April 6 Designated as “Drowsy Driving Awareness Day”

April 6 Designated as “Drowsy Driving Awareness Day”

Drowsy driving is a major problem in Tennessee and throughout the nation, and that’s why Monday, April 6, has been designated as “Drowsy Driving Awareness Day” to put a spotlight on this important issue.

A report by wkrn.com says that a poll by the National Sleep Foundation found that more than 103 million people have fallen asleep behind the wheel while driving.

In addition, Jeremy Lyon, a spokesperson with Brentwood Driver Training, stated that while drivers between the ages of 18 and 29 are most likely to drive while drowsy, the number of drowsy driving crashes involving young parents is also on the rise.

Lyon also suggests that drivers should learn to recognize the signs that indicate they are getting tired and to take frequent breaks as needed. He indicated that stopping and simply sitting the vehicle isn’t enough to combat drowsiness, and that drivers should get out of their cars and walk around to combat sleepiness.

Finally, Lyon stated that drivers who get behind the wheel who haven’t slept in 24 hours are just as impaired as drivers who are intoxicated due to alcohol consumption.

The Cookeville car accident lawyers at Matt Hardin Law know how dangerous drowsy driving can be, and we hope all drivers in the city and throughout the state take these tips to heart if they feel sleepy while driving.

Get the Facts on Drowsy Driving

As the article above states, drowsy driving is just as dangerous as driving after consuming enough alcohol to become over the legal limit. Other stats about drowsy driving that may surprise you include:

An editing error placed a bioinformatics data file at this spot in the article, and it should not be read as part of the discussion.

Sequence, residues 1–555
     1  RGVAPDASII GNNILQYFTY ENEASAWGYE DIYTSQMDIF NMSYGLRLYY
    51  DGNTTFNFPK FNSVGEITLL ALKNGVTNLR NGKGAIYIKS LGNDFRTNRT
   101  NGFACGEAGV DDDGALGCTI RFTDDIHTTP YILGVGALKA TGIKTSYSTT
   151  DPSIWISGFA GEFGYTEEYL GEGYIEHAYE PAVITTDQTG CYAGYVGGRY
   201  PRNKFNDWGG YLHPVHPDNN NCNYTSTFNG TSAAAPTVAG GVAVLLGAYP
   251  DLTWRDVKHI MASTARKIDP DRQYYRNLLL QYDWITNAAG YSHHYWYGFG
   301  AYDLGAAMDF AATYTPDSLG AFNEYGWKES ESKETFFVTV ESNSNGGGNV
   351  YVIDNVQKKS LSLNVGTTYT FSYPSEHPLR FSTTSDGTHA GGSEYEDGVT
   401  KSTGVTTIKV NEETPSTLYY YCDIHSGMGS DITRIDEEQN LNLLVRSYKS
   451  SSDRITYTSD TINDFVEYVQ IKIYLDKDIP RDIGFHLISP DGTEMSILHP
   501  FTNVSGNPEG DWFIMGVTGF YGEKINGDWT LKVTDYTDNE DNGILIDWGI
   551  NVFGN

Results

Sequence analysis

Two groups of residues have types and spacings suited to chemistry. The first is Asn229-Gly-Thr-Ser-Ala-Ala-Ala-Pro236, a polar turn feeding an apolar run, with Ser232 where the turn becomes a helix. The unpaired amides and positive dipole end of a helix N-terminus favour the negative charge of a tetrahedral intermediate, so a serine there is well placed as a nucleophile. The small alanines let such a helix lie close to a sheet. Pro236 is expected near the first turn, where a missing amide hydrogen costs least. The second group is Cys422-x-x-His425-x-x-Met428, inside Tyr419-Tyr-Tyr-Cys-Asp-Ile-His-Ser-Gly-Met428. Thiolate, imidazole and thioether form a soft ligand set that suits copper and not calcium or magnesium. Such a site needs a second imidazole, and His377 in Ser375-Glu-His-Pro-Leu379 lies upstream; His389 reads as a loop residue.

• Shift workers are more likely to drive drowsy than other workers.

People who work at night or who have erratic schedules are more likely to get behind the wheel while sleep-deprived, making them more 11 percent more likely to cause drowsy driving accidents than drivers who work traditional schedules.

  • Drowsy drivers take more risks behind the wheel.

A poll conducted in 2000 found that 42 percent of drowsy drivers get stressed behind the wheel, 32 percent become impatient with other drivers, and 12 percent driver faster. All of these emotions and behaviors can increase the risk of being involved in an accident.

  • Older drivers are more likely to recognize the warning signs of drowsy driving.

Young drivers tend to continue on their way even after they notice themselves feeling sleep or drowsy, while older drivers are more likely to stop and take a nap. Because drowsiness only becomes more pronounced over time, younger drivers are at a much higher risk of falling asleep and losing control of their vehicles.

  • Long drives on rural interstates and highways put drowsy drivers most at risk

Long, monotonous stretches of highway or interstate, such as those found in rural areas, often feature very little change in terrain, direction, or elevation. Drowsy drivers are particularly susceptible of falling asleep on these stretches of road, which means they should always stop and rest or even take a nap if they become sleepy in rural areas.

At Matt Hardin Law, our Cookeville car accident lawyers are very familiar with victims of drowsy driving accidents and we know how quickly these accidents can change lives forever. That’s why we urge all drivers to never get behind the wheel of their vehicle when they feel sleepy, and to always pull over and rest or even stop for the night if they feel too drowsy to continue driving.

If you or someone you love was injured by a drowsy driver, get in touch with our legal team today. We have the resources and the experience to build a claim that can help you get the compensation you deserve. Just dial (931) 754-1188 or fill out a free online form to speak with our staff members.

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